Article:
CITY HALL — With a unanimous vote, the City Council Tuesday selected Rod Gould to serve as the new city manager, City Hall’s most senior position, making him responsible for day-to-day operations and the formation of the city’s roughly $500-million budget.
Gould, 52, is currently the city manager of Poway, Calif., also known as “The City in the Country,” located in northeast San Diego County, with a population of roughly 50,000.
Gould will earn a base salary of $285,000, receive relocation assistance and be eligible for a $1.3 million loan at a fixed 3.27 percent interest rate from City Hall to help him purchase a home in Santa Monica, according to a contract approved by the council.
The selection follows a nationwide search that attracted more than 100 candidates, with the council interviewing six finalists over the past month.
“I am honored and thrilled with your appointment to serve as Santa Monica’s next city manager,” Gould told the council Tuesday night. “The more I’ve learned about Santa Monica the more I’ve been impressed with the quality and breadth and depth of the city services it provides to its residents and businesses.”
He noted the city’s leadership in areas such as sustainability, aid to the homeless and transportation.
“The vibrancy, dynamism and the civic engagement of Santa Monica makes it the most exciting city in California today,” he said.
Councilman Bobby Shriver was the only council member to express reservations, not with Gould, but with the contract approved by his colleagues, saying the council could have negotiated a more favorable contract given the current state of the economy.
“In the very unstable time that everybody’s in I think it’s a rough thing, particularly in the case of the loan, to say to other families … that this was the toughest deal we could do in this environment,” he said.
Gould will replace City Manager P. Lamont Ewell, who has served the city for the past four years, overseeing significant changes in how city services are delivered and how City Hall responds to residents and local merchants. Ewell has been praised by many community stakeholders for his ability to build bridges and craft budgets that are fiscally responsible while still providing a wide-range of programs and services.
Gould, a Pittsburgh native, has a degree in economics and political science from Yale and earned a master’s degree in education and public administration from Harvard.
He began work for the Department of Health, Education, and Welfare in Washington, D.C. as an analyst, and served for a year as a VISTA volunteer in San Francisco. He was also employed in operations for the Boston Housing Authority and as a consultant for Deloitte, Haskins and Sells.
Don Higginson, the mayor of Poway, called Gould a “consummate professional” who combines technical expertise with the ability to foster good working relationships.
He said Gould’s signature accomplishments during his four-year tenure in Poway were to maintain a reserve fund of more than 30 percent of the budget through the recession and to keep a large mixed-use project in the development pipeline.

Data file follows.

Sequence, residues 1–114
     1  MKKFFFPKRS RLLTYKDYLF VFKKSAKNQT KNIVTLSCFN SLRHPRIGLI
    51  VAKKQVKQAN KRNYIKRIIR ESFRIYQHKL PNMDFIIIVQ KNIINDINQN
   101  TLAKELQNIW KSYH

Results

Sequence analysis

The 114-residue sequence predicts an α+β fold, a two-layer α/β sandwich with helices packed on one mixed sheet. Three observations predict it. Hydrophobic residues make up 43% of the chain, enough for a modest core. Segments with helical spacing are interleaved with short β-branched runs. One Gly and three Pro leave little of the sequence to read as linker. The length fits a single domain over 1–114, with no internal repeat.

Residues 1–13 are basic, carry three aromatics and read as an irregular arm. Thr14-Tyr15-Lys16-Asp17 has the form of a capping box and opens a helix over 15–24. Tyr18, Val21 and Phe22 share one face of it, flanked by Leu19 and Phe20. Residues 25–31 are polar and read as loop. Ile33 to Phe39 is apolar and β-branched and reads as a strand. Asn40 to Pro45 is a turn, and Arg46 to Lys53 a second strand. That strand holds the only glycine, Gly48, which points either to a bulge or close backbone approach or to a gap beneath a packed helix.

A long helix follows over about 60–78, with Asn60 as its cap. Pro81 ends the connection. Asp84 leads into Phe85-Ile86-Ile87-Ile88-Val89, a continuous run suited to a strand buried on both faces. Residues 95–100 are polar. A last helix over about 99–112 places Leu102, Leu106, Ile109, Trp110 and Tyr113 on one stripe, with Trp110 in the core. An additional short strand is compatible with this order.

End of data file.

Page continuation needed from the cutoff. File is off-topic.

“It’s a loss to us but a great gain to Santa Monica,” he said of Gould’s decision to move on.
Before becoming city manager of Poway in 2006, Gould spent more than nine years as city manager of San Rafael, five years as city manager of Monrovia, and five years as assistant city manager in Walnut Creek. While working for those cities, Gould placed an emphasis on community policing, gang prevention and traffic safety, along with a focus on streamlining operations to save cash, mixed-use planning and sustainable management practices.
This year he served on the Cities/Counties/Schools Partnership Task Force on State Budget and Fiscal Reform. During his nine years in San Rafael, he oversaw the redevelopment of their downtown and the city was awarded the 2004 Award for Advancement of Diverse Communities from the League of California Cities. Monrovia was recognized as an All-American City by the National Civic League, with Gould being known for the development of affordable housing and upgrading parks.
He served as city manager in residence at USC in 2008 and in UC Berkeley in 2000.
“The experience he’s gained throughout his career, his skill mix and focus on community engagement gives us every confidence that he is the right person at the right time for Santa Monica,” Mayor Pro Tem Pam O’Connor said. “We look forward with enthusiasm to his joining the Santa Monica community.”
Gould and his wife, Rosaline, have two grown children, Trevor and Emily.
Poway has a high standard of living and is characterized as an upper middle class community with a median family income of $78,000, according to the city’s Web site.
Within the city limits are 16,337 housing units. The city’s vacancy rate is approximately less than 2 percent. There is a broad continuum of housing options available, ranging from multi-family apartments to single-family homes on large rural parcels. Some 80 percent of the city’s housing units are single-family dwellings. The median sales price (for all recorded sales) in calendar year 2006 for a re-sale home in Poway was $658,000 according to DQ News.com. There are seven workforce housing complexes. The Redevelopment Agency has created 476 new living spaces, which house over 1,200 residents.
Poway is ranked the sixth best city in California to locate a business according to Outlook Magazine.
Staff writer Nick Taborek contributed to this report.